Russia attacks Ukrainian clinic; U.S. vows more aid
STORY: A Russian missile attack on a clinic in the eastern Ukrainian city of Dnipro on Friday killed two people and wounded 30.
Video footage showed a devastated building with black smoke pouring out of it and rescue workers looking on. What appeared to be a body lay covered on the road nearby.
Ukrainian President Volodymyr Zelenskiy condemned the attack as a crime against humanity.
Moscow has dismissed allegations that its soldiers have committed war crimes and denies deliberately targeting civilians although it has bombarded cities across Ukraine since invading 15 months ago.
After Ukrainian forces pushed back Russia's initial onslaught the battle lines have shifted little since last fall. A highly-anticipated Ukrainian spring offence has yet to materialize, despite an influx of NATO-supplied weaponry.
At a meeting of European allies on Friday, German Chancellor Olaf Scholz said Russia must be defeated.
"And it is absolutely clear that it could be not a frozen conflict. So if Russia is just thinking that it could succeed with its robbery of land of Ukraine, it will not succeed with this idea and attempt. And this is because and this is why we are supporting Ukraine as long as it is necessary. Russia must withdraw troops, and this is the basis for peace."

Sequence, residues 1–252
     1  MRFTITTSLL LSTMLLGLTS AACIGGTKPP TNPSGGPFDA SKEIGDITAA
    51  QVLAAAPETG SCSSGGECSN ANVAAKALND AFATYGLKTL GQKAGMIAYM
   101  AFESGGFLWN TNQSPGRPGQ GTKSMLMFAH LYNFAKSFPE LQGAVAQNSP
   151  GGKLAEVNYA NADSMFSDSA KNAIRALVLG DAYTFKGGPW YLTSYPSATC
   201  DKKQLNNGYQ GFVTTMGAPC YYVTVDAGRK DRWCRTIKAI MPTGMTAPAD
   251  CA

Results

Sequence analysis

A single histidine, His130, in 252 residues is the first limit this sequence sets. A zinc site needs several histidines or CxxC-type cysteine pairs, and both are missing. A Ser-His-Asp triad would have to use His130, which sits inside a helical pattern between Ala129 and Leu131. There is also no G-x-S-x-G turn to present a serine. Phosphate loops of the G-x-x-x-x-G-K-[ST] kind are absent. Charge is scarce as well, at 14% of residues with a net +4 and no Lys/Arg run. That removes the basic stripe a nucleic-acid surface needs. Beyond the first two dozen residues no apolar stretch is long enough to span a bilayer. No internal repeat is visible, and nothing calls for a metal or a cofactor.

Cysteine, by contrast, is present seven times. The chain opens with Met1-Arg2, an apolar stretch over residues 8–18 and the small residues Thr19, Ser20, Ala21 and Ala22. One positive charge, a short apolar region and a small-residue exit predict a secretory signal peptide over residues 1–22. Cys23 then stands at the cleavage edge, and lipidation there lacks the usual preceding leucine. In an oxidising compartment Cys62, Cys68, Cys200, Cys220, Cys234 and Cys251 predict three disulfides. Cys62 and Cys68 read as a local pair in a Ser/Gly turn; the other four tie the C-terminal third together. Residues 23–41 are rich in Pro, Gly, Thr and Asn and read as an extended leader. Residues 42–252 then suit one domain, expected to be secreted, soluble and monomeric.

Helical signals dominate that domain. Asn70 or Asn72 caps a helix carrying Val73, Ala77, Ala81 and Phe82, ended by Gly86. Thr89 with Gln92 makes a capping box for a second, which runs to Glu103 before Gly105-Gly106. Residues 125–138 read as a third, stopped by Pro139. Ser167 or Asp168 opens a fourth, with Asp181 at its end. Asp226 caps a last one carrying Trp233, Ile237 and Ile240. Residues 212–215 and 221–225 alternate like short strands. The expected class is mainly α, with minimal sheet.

In Kyiv, U.S. Republican Senator Lindsey Graham sat down with the Ukrainian leader on Friday and pledged American support for his country.
"There can be no forgiving and forgetting when it comes to (Russian President Vladimir) Putin's war crimes. There can be no backing off of helping Ukraine. Because if we fail here, there goes Taiwan."
He later told reporters that Russian President Vladimir Putin could not be forgiven what he called "industrial-level war crimes" against the Ukrainian people, and said if Washington were to cut off aid to Kyiv, China would see it as a license to seize Taiwan.
"The best way to protect Taiwan and world order is for Putin to lose. And if you don't get that, I think you're missing a lot."
And Kyiv raised a new alarm on Friday: that Russia was planning to trigger a radiation leak at a nuclear station controlled by Moscow's forces.
The Ukrainian defence ministry's intelligence directorate said Russia would soon shell the Zaporizhzhia power plant. The directorate statement, posted on Telegram, did not provide any proof.